ON 8 FEBRUARY THIS YEAR, I was deported from Papua New Guinea to Australia.
I’d been to Singapore for a brief medical visit and, upon returning to Port Moresby, I was refused entry and put on a plane to Brisbane.
I was given no chance to say goodbye to my wife or speak to my lawyer and was given no valid reason for my deportation. I was threatened with force if I refused to leave.
Through official channels, the Embassy of the Kingdom of the Netherlands in Canberra (I am a Dutch national) has asked for an explanation, so far to no avail.
It was a bizarre series of events for me in my role of Vice-Chancellor of the PNG University of Technology (Unitech).
Here’s the story so far as I know it.
Last year Unitech’s former Pro-Chancellor, Ralph Saulep, alleged that, upon my appointment as Vice-Chancellor in January 2012, I had been ‘less than truthful’ about my academic qualifications.
At the time, I responded that this was a baseless allegation and demonstrably false.
After all, I had defended my PhD in 1994 on an economic-historical subject at the European University Institute in Florence. Since then I had taught for several Latin American, US and European institutions of higher education.
My last appointment before PNG was as research funding advisor at the University of Maastricht in the Netherlands, one of the best young universities in Europe.
Shortly after taking office, my colleagues and I decided we needed to improve the campus and Unitech’s academic quality and financial sustainability.
Since 2006 Unitech had been receiving negative reports from external auditors, and for all this time the Council and management had sat on their hands.
In 2011, the unaccountable financial management at Unitech became public knowledge. In the Auditor General's report to Parliament, the university was the only one of about 70 state institutions to receive an adverse opinion.
At my first board meeting on 5 April last year, I discussed these external reports and announced corrective measures including a number related to financial management, accreditation and personnel management.
Soon after, panic broke out among Council members, who had been sitting on the board for years; some for decades.
The Chancellor, who was not empowered to do so, tried to sack me there and then, after violent protests by students during which the car of the president was set on fire, he changed his mind.
In the following months, former Chancellor Ralph Saulep and former Chancellor Phillip Stagg filed complaints with Lae and Port Moresby police and harassed me and my management team through the courts and in the media.
Subsequently the University conducted an internal investigation on the spending of infrastructure improvement funds in previous years. Major irregularities were found as was proof of criminal negligence and fraud.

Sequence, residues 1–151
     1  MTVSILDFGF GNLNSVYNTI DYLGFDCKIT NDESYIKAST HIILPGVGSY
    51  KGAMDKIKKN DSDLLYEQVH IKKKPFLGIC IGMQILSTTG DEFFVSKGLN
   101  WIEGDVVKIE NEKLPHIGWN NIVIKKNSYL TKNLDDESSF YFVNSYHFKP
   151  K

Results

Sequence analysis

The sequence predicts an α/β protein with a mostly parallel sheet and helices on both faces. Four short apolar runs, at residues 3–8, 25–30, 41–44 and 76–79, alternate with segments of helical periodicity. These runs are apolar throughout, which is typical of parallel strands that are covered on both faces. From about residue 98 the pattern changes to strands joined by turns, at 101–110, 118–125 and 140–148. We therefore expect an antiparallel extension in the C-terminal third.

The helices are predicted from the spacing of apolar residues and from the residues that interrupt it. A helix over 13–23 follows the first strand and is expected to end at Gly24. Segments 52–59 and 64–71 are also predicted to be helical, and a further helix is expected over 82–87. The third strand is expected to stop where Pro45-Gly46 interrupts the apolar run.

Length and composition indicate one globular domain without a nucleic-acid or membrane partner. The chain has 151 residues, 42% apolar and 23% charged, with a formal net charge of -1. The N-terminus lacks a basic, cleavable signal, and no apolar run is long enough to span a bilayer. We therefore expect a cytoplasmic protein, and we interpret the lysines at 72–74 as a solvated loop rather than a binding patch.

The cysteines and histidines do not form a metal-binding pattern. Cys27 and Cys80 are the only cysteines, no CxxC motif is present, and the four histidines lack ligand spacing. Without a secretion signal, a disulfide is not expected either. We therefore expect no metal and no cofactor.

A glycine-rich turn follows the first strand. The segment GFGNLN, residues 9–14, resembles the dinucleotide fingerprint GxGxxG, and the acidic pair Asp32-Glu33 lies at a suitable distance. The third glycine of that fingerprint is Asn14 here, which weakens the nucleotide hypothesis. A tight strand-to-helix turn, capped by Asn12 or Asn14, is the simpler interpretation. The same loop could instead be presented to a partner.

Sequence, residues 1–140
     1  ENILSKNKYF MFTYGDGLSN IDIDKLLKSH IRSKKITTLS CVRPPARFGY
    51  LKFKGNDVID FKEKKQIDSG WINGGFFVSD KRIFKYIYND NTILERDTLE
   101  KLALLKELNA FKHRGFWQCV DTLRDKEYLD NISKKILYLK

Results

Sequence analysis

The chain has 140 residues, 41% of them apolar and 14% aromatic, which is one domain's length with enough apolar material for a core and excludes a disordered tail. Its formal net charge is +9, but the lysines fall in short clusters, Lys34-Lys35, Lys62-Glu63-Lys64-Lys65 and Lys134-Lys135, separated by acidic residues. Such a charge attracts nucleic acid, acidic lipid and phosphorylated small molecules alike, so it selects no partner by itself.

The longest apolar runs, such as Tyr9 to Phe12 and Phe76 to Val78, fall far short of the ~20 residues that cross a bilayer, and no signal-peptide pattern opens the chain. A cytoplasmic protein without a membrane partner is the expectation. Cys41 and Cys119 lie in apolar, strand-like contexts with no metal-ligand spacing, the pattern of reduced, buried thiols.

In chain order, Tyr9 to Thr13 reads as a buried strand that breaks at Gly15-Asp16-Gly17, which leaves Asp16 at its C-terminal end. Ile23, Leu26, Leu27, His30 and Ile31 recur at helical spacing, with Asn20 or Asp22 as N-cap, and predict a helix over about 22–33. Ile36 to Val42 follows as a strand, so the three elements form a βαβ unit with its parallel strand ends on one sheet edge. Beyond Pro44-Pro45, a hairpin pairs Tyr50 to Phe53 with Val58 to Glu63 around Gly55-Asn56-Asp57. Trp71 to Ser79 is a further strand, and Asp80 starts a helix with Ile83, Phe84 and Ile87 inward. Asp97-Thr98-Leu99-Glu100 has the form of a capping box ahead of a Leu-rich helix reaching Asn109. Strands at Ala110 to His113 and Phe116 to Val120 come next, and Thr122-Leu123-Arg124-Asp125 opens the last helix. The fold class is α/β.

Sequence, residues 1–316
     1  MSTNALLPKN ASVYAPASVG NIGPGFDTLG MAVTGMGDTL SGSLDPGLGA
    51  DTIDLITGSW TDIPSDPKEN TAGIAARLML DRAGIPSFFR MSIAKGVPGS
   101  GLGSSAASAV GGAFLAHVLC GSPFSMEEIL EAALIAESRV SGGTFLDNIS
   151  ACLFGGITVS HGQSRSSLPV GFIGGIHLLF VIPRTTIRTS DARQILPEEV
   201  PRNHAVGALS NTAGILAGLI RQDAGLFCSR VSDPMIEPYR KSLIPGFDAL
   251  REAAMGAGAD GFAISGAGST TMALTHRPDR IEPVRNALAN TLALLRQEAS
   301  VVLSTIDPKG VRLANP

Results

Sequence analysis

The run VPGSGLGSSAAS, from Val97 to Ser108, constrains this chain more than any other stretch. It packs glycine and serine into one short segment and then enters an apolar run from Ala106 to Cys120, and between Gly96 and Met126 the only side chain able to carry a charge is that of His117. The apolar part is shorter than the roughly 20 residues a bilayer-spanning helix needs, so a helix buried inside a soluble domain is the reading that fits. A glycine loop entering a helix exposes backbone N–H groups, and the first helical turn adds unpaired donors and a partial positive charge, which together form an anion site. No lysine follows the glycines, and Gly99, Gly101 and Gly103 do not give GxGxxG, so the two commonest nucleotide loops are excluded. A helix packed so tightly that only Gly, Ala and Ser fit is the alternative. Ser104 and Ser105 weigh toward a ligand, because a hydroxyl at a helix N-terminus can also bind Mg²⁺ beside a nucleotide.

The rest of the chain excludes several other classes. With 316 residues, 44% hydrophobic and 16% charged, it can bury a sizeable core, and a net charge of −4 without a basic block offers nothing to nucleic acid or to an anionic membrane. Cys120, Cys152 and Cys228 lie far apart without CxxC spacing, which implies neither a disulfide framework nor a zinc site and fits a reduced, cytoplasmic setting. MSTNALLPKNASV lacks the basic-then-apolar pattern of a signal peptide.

It was found, for instance, that the head of department of electrical engineering, Naraya Gehlot, with the approval of management, had received a personal cheque for K676,600 (about $310,000) without proper acquittal.
Then, on Thursday 8 November last year, a minority of Council members convened a meeting in Port Moresby at which I was not present.
There they appointed a new management team. I was dismissed, without due process and without a valid reason.
The meeting, however, had been subject to a restraining order, so its decisions were null and void. In fact, the minutes of the meeting mention the restraining order.
So, until this day, I have never been legally dismissed. Nevertheless I have had to file an appeal with the Supreme Court to ensure I will not be dismissed without a valid reason.
Four days after the Council meeting, on Monday 12 November, David Arore, the Minister for Higher Education, Research, Science and Technology did the right thing and ordered a thorough investigation into the affairs of Unitech.
He dissolved the Council and appointed an Interim Council led by Sir Nagora Bogan. On Tuesday 20 November the National Executive Council endorsed the Minister's decision.
Although the old Council had been dissolved by the government, on Sunday 9 December, Saulep and his newly appointed management team tried to take over the administration building. They were accompanied by armed police.
For this purpose, it is alleged that Saulep had falsified a court order and circulated it among Council members and the Director of the Office of Higher Education. Fortunately the bluff was called and the attempt failed.
There were three other attempts to take control of the university administration by force. Meanwhile nobody took action to rein in the deposed Council members or the illegally appointed new management team.
In an upshot to this story, on Friday 15 February the former head of electrical engineering, Naraya Gehlot, was arrested for alleged involvement in fraud. He has since been refused bail and brought to Buimo prison.
He has allegedly implicated the Bursar, who I believe also has been arrested, and more arrests seem bound to follow. Strangely, Minister Arore has publicly come out defended Gehlot.
I hope to get back my work permit, which I believe was illegally cancelled. I also need the police to give assurances for my safe passage into and out of the country pending the fraud investigation.
I feel that, as an outsider, I can bring peace back to the Unitech campus and lead the university along a path to better academic quality, financial sustainability and accountability.
I am very thankful for the unwavering support of the students and staff throughout this ordeal.
Late last week, students clashed with police over this matter at the university gate. There was shooting. I pray that this strange story will end well and that nobody gets hurt.
Prof Albert Schram is Vice-Chancellor of the Papua New Guinea University of Technology (Unitech) in Lae, PNG’s second largest university